The current ratio is a liquidity ratio that measures a company's ability to pay its current liabilities with its current assets
In theory, the higher the current ratio, the more capable a company is of paying its current obligations
Weaknesses of the current ratio include the difficulty of comparing the measure across industry groups, the overgeneralization of the specific asset and liability balances, and the lack of information on trends
Understanding Current Ratio
The current ratio is a liquidity ratio that measures a company's ability to cover its current liabilities (liabilities that will be paid in a year or less) with its current assets (assets that are cash or will be turned into cash in a year or less).
To calculate the ratio, analysts compare a company's current assets to its current liabilities.
Current assets listed on a company's balance sheet include cash, accounts receivable, inventory, and other current assets that are expected to be liquidated or turned into cash in less than one year.
Current liabilities include accounts payable, wages, taxes payable, short-term debts, the current portion of long-term debt, etc.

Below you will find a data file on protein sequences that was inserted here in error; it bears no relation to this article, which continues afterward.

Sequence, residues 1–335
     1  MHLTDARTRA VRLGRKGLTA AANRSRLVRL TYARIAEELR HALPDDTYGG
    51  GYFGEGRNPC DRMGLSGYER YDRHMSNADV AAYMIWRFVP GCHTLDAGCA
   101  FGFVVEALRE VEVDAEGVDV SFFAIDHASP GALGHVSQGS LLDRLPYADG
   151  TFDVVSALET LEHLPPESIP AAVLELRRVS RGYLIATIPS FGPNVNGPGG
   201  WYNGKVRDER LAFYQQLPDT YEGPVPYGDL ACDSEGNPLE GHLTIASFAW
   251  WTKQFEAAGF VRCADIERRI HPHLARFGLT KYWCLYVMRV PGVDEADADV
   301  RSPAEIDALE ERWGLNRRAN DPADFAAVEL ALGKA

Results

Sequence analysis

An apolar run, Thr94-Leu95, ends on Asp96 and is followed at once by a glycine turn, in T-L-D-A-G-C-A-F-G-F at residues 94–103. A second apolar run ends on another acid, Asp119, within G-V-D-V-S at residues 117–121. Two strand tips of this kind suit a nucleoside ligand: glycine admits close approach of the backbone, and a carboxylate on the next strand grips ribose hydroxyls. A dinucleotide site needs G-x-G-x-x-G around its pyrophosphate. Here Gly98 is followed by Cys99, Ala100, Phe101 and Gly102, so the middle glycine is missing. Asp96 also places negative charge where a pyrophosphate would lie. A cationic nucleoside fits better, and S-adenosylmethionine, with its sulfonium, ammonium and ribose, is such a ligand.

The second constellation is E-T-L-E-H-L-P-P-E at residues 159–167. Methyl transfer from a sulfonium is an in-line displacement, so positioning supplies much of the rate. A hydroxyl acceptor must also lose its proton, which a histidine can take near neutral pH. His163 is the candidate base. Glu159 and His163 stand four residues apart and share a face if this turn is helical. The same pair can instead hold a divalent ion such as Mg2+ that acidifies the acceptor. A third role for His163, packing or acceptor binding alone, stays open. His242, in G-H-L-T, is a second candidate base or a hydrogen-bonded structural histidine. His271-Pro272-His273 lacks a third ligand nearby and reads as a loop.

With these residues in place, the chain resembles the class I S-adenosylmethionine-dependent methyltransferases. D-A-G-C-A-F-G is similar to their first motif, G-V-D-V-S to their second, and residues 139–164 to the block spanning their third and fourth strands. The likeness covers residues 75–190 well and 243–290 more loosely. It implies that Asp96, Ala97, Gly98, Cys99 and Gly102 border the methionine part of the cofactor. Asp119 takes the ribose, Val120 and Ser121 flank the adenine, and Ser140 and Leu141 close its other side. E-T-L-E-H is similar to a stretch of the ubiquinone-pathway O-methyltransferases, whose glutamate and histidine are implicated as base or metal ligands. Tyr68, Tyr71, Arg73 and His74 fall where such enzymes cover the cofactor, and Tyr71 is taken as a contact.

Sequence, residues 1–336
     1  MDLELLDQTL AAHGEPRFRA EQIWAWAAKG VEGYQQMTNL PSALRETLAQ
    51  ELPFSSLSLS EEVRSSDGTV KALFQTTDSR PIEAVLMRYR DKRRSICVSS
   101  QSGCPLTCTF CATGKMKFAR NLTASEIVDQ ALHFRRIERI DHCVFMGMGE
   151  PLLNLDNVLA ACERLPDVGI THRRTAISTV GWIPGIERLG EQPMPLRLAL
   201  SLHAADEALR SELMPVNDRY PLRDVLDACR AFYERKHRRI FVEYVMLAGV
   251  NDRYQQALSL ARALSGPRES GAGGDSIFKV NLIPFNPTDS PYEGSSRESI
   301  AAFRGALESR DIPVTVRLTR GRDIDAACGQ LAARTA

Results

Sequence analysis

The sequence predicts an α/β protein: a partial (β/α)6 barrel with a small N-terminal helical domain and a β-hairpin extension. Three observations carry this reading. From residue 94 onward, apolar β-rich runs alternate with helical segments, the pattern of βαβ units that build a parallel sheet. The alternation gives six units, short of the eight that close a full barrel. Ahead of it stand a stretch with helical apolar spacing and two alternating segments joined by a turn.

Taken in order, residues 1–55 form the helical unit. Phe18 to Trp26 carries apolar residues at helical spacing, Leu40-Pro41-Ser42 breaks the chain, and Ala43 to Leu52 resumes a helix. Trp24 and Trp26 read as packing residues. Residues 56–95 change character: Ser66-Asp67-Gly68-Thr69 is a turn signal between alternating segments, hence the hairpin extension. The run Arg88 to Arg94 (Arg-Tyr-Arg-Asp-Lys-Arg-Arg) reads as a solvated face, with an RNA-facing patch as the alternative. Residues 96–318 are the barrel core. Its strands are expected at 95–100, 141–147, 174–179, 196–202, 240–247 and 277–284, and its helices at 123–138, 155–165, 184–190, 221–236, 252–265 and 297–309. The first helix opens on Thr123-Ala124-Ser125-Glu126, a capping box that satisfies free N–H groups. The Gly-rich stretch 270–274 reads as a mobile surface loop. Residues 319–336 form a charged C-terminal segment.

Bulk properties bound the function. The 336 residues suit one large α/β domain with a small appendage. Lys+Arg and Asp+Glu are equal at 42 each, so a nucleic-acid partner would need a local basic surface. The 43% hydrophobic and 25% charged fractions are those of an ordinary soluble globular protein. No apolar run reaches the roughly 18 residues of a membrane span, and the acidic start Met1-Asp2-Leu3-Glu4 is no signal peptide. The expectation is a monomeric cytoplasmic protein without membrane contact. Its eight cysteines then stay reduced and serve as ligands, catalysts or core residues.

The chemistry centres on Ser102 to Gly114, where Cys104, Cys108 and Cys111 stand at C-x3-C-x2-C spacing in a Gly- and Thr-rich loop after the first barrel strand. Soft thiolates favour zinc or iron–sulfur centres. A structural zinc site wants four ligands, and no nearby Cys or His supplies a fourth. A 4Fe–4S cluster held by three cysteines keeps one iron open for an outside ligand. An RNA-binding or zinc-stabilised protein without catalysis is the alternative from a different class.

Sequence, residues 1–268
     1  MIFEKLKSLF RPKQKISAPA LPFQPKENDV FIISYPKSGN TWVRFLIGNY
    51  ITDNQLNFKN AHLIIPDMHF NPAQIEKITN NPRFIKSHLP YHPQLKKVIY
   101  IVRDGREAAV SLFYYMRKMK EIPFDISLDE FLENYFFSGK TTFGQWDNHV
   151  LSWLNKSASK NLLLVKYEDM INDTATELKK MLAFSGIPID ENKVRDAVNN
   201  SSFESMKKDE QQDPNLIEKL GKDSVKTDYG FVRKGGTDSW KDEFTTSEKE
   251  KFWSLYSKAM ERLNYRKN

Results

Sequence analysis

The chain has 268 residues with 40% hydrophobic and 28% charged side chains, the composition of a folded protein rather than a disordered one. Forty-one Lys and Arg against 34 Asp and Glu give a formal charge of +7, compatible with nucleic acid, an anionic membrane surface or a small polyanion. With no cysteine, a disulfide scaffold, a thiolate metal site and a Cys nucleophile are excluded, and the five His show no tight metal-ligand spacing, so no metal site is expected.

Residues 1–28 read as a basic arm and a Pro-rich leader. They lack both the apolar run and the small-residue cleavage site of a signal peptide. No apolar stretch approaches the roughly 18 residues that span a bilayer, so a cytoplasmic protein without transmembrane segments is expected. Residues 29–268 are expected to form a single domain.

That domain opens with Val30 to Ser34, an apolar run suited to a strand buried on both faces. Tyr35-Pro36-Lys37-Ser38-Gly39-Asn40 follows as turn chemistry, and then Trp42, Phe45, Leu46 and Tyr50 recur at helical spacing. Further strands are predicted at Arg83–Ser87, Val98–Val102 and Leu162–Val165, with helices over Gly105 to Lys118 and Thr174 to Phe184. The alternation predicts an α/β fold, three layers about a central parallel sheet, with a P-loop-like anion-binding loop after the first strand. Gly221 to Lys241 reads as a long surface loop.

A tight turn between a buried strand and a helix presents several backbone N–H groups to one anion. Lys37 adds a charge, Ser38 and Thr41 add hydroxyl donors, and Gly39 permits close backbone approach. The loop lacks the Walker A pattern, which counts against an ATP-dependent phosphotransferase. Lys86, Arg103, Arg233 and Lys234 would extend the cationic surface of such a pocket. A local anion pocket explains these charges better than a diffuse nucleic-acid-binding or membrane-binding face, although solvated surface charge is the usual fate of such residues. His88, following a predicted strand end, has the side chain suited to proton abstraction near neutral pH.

What counts as a good current ratio will depend on the company's industry and historical performance. As a general rule, however, a current ratio of less than 1.00 could seem alarming, indicating that a company does not have enough working capital on hand to meet its short-term debts if they were due at once.
In theory, the higher the current ratio, the more capable a company is of paying its obligations because it has a larger proportion of short-term asset value relative to the value of its short-term liabilities. However, a very high ratio may also indicate that it is not using its current assets efficiently.
Limitations of Current Ratio
One limitation of the current ratio emerges when using it to compare different companies across industries. As different businesses require different liquidity, comparing the current ratios of companies across different industries may not result in productive insights.
Another drawback of using the current ratio involves its lack of specificity. Unlike many other liquidity ratios, it incorporates all the current assets of a company, even those that cannot be easily liquidated.
What's more, because the current ratio at any one time is just a snapshot, it is usually not a sufficient indicator of a company's short-term liquidity or longer-term solvency.
Example of Current Ratio
The chart below is the balance sheet from $Apple(AAPL.US)$ annual report for the fiscal year ended September 25, 2021. It reveals the company's total current assets and total current liabilities on September 25, 2021.
The total current assets of Apple on September 25, 2021, were 134.836 billion.
The total current liabilities of Apple on September 25, 2021, were 125.481 billion.